During a recent conversation over dinner, I mentioned that I would like to “wrap my head around Arabic by next year.” I started learning Arabic 2 years ago. It was a sporadic venture, intertwined with migraines, exhaustion and then a pregnancy. I had not gone beyond counting to 10 or conjugating verbs in one tense. I was frustrated at the non-progress, but did what I could. When Poo Loo Poo Loo was born, I decided to shelf the endeavour till another opportune time.
These days, I feel more in a rhythm with the baby and less spiteful of the role of being a mother. So, I wondered, perhaps after Chinese New Year, I could get back into some of my hobbies and classes. So I blurted out my wish for recommencing Arabic classes, which started from a motivation of wanting to travel in the Middle East.
My friend said, “you talk about the language as if you want to control it.”
My control freakiness manifests in obsessive compulsiveness, a stubborn need for predictability, and an abhorrence for chaos or changes in plans. It drives Timmie bonkas and frustrates him when I hug on to inflexibility for the sake of a feeling like I could control my environment – unless of course, I was the one who initiated changes.
In my defense, I would argue that I have improved over the decade. From a minute-by-minute itinerary when I travelled, I can now embrace a spontaneous road trip, or simply knowing how many days we would be in a city without mapping out all the locations for each day.
Yet, at the core, my system is destabilized and I become anxious when I do not know.
Finally, I have come to conclusion that this prerequisite of control sprouted from my CCRT of feeling like I am never good enough.
CCRT stands for “Core Conflictual Relationship Theory”, proposed by Dr. Howard Book, explains why we indulge in habits despite knowing that perhaps, those actions or thoughts are to our detriment. For instance, some people date a string of “wrong” people, and yet after multiple divorces, still go for the same type of person. Others are scared to try new things, some hide behind humour and sarcasm, and many more have their eccentricities.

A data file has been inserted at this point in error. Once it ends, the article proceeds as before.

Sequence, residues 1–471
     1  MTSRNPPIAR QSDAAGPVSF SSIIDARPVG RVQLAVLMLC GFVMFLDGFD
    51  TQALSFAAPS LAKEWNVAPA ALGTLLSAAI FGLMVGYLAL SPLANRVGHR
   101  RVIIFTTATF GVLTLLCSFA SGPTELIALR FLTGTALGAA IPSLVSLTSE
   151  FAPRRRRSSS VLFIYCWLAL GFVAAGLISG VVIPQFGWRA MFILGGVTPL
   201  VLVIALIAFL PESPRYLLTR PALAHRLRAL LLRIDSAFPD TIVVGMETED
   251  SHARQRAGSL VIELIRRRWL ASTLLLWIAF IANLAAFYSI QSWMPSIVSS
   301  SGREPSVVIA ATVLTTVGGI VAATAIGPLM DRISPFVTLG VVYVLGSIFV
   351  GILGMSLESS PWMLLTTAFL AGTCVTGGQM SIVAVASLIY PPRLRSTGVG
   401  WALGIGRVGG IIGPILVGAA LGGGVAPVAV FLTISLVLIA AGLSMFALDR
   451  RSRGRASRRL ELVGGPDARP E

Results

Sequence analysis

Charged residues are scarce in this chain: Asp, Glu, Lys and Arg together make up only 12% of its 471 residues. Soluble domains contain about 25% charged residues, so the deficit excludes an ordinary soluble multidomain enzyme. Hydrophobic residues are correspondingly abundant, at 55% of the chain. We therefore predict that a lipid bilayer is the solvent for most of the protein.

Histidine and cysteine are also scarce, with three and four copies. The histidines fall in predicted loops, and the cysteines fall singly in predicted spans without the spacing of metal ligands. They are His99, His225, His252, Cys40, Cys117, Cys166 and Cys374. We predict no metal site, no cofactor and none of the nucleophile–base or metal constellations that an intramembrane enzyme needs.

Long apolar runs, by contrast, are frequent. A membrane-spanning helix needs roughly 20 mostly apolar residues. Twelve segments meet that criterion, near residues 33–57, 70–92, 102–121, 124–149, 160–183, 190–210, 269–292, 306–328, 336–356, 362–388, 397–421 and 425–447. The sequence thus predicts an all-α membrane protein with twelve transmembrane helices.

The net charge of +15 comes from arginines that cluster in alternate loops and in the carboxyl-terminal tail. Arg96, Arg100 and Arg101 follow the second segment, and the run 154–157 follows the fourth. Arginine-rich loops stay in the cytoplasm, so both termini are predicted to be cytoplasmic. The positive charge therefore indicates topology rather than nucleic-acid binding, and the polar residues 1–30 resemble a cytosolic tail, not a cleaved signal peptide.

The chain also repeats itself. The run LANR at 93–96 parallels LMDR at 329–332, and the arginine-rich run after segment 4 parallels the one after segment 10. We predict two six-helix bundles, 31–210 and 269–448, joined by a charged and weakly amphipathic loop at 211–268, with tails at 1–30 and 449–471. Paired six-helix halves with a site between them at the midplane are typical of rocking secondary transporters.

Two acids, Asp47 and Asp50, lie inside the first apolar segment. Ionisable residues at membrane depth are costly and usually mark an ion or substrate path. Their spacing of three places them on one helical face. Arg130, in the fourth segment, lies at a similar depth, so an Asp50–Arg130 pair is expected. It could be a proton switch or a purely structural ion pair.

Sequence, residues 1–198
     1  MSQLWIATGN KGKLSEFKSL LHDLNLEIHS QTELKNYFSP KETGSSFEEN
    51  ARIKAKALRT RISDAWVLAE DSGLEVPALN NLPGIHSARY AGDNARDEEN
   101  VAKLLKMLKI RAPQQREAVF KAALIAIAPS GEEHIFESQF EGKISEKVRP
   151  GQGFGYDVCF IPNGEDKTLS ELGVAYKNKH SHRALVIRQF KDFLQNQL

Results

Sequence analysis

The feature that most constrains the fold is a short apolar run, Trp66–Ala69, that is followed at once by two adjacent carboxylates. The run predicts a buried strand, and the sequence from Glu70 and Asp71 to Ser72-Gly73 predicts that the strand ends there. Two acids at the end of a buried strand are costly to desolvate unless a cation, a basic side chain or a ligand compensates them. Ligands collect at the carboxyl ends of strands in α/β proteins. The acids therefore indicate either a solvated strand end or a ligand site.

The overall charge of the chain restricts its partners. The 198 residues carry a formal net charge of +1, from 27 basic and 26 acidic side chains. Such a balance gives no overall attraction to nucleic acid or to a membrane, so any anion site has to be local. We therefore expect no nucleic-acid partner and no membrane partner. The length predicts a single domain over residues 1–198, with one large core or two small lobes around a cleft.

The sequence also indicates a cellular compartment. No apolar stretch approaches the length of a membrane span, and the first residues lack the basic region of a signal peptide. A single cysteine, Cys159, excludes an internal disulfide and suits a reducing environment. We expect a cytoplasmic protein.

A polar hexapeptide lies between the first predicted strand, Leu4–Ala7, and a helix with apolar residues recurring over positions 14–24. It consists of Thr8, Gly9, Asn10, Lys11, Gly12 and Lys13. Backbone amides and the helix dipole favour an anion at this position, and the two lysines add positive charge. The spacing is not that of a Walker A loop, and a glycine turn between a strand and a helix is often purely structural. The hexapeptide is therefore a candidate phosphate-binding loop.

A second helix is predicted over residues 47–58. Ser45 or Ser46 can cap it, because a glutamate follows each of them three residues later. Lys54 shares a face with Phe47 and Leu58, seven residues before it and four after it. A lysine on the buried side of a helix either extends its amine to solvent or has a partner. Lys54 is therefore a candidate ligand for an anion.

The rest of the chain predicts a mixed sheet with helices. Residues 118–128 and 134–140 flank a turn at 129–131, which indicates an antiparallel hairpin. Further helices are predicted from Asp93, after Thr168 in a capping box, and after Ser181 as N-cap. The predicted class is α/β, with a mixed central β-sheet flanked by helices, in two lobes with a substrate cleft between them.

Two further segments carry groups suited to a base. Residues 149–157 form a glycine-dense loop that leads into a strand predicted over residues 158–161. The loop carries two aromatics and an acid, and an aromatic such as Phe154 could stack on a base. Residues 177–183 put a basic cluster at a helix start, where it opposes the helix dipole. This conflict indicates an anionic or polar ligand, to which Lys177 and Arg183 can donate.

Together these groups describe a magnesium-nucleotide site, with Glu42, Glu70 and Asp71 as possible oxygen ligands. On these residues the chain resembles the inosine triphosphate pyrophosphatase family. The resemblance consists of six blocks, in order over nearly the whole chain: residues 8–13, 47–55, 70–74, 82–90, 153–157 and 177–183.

What are our fears? I have read mountains of literature suggesting how we could overcome our fears. Perhaps, I hypothesize, at some point it is enough to accept that those are our fears and embrace them.
My ultimate fear is that I am not good enough, a constant reeling in my head that is the cornerstone of all my worries: my thesis would not attain Honours, I would mess up my kid, I am not doing enough as a parent, I am an inadequate wife and one day my husband would leave me, I would not get out of my pit, I would not find a job… because I am not good enough.
Most of the time these worries are, to most people, unfounded and out of proportion with reality.
I am cognizant of this perception and agree and I am unreasonably worried. Yet, I worry.
So, I do all that I can to be better in order to avoid these worst-case scenarios from becoming reality.
Thus, I try to control, for if I could control the circumstances, there would be less probability of accidents, and I would be marginally good enough.
Could I change this feeling of not being good enough? People say, focus on the positive, think of one thing to be grateful for everyday etc…
I do. But they do not dispel the worries. Nor the insecure obstinate thought of, “I am not good enough.”
Should I change? Why change? This is who I am. I am slowly coming to terms with this. It might sound fatalistic, but a CCRT is not something that is easily effaced from a system of habits built over 3 decades. I prefer to manage and cope with it, or at least, be aware that this wrath of “not good enough” is affecting my thoughts and actions. Indeed, Dr. Book said it might not be something that can be changed, but it could be managed.
In my head, I can control this CCRT. As my friend commented, “In your bubble, anything is possible…”
And why not? I know I am in my bubble.